The narrator is not the first in the field: Hen has arrived before him and settled in the west. Gradually, over the course of a summer, more people arrive, firstly in ones and twos, and then in larger numbers. Some stay for good, others leave after a short time. There are arguments: about bugles, milk pudding, copper baths and ditches. There are quite a few conversations about tents ... and about biscuits.

It very soon becomes clear that the field is an allegorical representation of Britain, and the various happenings are allegorical representations of events in early British history. At least some quite clearly are, others I’m not so sure about and may be just weird events for all I know!

As I said, a strange book, but an enjoyable one (if you like this sort of thing). I’ll be looking out for more by Magnus Mills. ( )
  SandDune | May 4, 2018 |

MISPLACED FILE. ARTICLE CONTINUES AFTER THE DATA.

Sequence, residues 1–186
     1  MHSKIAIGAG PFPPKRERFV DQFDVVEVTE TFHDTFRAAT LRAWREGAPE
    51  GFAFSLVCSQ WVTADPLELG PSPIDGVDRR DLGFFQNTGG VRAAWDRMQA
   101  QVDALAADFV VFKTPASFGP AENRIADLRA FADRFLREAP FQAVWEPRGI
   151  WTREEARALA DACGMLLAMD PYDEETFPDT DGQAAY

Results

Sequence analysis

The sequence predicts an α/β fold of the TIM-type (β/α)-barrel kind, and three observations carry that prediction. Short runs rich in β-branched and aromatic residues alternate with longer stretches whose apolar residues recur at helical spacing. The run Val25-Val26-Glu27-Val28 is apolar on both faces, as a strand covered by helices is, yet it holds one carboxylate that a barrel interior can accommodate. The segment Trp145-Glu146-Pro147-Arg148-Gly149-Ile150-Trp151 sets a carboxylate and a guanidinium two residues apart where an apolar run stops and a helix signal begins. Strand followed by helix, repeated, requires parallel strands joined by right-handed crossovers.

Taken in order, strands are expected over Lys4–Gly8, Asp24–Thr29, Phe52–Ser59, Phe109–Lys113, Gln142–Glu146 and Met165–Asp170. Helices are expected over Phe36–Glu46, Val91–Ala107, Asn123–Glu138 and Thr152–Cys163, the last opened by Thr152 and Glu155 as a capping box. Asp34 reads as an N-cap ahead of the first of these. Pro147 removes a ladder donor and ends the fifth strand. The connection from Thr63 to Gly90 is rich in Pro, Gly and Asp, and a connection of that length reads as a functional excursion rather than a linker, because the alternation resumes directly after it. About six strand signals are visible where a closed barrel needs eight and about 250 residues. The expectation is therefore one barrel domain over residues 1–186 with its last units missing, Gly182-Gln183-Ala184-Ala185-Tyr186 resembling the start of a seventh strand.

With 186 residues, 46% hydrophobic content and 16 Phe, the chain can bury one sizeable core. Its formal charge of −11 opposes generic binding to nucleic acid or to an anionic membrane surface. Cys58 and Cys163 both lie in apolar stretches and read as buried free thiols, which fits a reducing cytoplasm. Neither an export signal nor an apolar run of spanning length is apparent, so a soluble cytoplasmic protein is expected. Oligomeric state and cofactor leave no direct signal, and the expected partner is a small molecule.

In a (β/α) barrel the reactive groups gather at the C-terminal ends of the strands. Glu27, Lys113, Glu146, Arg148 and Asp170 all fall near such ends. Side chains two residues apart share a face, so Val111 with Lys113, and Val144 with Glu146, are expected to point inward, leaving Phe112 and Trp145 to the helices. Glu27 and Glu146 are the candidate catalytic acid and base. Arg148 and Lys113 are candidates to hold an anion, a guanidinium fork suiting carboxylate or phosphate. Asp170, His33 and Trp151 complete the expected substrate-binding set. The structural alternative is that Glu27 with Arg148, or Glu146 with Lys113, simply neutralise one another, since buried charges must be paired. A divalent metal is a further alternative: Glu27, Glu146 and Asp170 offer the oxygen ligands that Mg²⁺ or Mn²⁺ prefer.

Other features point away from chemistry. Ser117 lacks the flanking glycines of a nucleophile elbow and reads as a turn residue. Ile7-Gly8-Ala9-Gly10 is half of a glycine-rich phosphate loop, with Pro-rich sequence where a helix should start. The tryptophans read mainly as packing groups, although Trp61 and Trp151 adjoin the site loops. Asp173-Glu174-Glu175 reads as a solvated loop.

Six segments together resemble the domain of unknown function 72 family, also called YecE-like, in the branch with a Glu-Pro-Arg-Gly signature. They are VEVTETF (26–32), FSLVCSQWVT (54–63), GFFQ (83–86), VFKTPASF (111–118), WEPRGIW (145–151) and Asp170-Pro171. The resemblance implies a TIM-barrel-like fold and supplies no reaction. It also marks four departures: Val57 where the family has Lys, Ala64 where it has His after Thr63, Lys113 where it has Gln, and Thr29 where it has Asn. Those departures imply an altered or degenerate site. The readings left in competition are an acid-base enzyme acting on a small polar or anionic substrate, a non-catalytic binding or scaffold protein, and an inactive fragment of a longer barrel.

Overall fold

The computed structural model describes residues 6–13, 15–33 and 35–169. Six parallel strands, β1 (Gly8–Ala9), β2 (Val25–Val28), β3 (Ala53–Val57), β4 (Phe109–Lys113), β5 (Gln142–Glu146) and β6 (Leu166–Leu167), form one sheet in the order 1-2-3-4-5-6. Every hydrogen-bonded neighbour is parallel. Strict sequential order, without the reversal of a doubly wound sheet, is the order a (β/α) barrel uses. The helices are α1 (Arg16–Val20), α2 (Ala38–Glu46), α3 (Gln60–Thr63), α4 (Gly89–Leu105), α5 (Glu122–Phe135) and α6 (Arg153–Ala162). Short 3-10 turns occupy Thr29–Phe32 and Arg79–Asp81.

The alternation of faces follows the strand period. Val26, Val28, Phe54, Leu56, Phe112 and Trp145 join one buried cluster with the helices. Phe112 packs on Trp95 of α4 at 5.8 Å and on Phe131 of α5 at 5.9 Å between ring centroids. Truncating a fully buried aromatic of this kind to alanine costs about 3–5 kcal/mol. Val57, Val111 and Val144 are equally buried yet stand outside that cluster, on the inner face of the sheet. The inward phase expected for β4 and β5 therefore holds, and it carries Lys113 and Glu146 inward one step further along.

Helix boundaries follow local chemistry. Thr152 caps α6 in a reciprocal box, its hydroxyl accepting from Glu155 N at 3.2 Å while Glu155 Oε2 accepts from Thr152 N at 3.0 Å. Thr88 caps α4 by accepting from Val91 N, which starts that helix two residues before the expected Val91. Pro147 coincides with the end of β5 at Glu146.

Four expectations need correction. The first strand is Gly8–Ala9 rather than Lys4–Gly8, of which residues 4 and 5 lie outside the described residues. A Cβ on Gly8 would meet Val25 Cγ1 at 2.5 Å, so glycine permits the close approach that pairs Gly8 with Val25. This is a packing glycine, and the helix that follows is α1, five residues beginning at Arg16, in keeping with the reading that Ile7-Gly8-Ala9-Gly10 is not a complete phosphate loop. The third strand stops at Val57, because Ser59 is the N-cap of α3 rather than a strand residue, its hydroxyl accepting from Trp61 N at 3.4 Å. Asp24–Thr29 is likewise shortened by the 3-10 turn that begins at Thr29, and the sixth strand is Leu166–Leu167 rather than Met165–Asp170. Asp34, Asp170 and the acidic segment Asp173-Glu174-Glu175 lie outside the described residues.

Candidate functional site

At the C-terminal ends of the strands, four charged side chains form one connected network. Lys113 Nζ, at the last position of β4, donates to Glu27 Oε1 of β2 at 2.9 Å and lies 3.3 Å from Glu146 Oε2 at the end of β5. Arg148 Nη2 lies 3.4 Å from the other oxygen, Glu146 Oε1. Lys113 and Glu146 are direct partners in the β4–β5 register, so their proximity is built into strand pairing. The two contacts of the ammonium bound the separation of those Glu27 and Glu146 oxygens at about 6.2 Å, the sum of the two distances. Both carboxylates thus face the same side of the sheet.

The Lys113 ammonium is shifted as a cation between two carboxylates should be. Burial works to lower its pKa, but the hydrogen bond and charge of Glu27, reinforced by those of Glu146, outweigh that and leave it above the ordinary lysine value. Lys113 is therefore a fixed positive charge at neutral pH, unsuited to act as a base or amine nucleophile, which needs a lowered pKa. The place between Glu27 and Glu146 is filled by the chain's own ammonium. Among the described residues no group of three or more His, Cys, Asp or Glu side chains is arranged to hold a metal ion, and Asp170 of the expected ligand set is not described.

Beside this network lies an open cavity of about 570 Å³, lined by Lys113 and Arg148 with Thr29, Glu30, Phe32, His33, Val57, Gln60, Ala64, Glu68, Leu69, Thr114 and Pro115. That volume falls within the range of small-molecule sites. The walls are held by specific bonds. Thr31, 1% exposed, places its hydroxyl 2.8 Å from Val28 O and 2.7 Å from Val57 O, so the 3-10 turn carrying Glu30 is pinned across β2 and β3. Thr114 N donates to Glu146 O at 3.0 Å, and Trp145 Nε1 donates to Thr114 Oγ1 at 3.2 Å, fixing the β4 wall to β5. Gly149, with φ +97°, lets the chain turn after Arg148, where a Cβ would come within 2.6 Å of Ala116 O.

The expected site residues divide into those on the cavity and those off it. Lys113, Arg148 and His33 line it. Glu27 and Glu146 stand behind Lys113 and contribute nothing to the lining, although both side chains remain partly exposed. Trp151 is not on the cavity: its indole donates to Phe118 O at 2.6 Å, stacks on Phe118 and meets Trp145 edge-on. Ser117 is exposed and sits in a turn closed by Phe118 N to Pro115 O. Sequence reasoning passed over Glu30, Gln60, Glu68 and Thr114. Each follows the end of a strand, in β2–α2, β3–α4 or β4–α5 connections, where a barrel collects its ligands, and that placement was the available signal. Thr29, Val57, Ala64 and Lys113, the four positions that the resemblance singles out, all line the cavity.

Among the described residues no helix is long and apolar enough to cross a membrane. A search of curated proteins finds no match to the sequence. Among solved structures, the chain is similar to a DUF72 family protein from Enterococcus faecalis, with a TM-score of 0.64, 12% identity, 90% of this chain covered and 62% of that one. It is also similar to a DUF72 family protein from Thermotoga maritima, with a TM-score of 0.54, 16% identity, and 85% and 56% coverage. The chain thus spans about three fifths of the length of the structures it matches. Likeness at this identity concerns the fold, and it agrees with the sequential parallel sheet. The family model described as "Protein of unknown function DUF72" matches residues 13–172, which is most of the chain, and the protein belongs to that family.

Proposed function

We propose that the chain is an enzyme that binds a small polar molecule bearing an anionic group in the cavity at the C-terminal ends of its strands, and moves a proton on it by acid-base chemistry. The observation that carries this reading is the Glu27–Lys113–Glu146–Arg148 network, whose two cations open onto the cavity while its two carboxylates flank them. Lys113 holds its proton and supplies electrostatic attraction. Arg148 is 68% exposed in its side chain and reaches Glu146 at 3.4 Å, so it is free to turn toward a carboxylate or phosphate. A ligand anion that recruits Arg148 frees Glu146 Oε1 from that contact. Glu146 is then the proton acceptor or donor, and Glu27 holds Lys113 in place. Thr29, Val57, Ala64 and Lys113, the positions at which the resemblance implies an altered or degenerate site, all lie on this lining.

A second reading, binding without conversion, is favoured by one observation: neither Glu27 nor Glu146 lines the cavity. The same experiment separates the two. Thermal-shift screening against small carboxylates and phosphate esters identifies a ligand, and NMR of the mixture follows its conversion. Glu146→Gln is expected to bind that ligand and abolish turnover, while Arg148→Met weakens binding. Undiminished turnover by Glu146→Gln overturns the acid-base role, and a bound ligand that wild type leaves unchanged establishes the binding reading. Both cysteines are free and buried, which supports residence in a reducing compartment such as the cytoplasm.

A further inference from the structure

The Field of the Cloth of Gold by Magnus Mills is a deceptively simple tale that tells of the founding of a settlement on what in the novel becomes known as “The Great Field.” Bounded on three sides by a river and by wilderness on the other, the field is a temptingly verdant patch that attracts the attention of various wanderers, who pitch their tents and burrow in for the long haul. When the unnamed narrator arrives (we are never told from where), the only other inhabitant is Hen, who has set himself up on the western margin. The narrator comes with high hopes. For some reason, never articulated, he views the field as “the place where momentous events would unfold and come to fruition.” He is a gregarious sort who values honesty and will go to lengths to see that others get along. The next to arrive is Thomas, he of the flowing white robe and imperious manner, who erects his elaborate tent in the south-east (the geography is described with precision throughout). Isabella comes next, with her crimson tent. The story, such as it is, is built around such comings and goings, interactions and the buzz of rumor among the inhabitants. An organized group arrives, led by Julian. They stay briefly, and when they leave Thomas goes with them. Thomas returns, and then the same group returns, but this time without Julian. All along, the narrator is kept busy speculating about what is driving the movement and upheaval. We see the action through his eyes, and though he participates in some activities, he is a loner and mostly an observer. When the population of the field begins to grow with many arrivals in a short time, it becomes difficult for him to keep up with peoples’ motivations and intentions. Along the way, there are conflicts, disagreements, bad behaviour, deception, and ebb and flow in the balance of power. To readers of Magnus Mills, it will come as no surprise that the action of the novel takes place in a bubble, with no reference to an outside world consisting of familiar landmarks. Inevitably, or so it seems, we are invited to see the Great Field as England, and the various arrivals as the tribes who descended on the island over the centuries, stayed or left, but somehow made their mark. In the end, with emotions running at a fever pitch, the narrator learns to indulge in some morally dubious fudging of the truth, and thereby ensure his survival. With innocence lost, can anarchy be far behind? ( )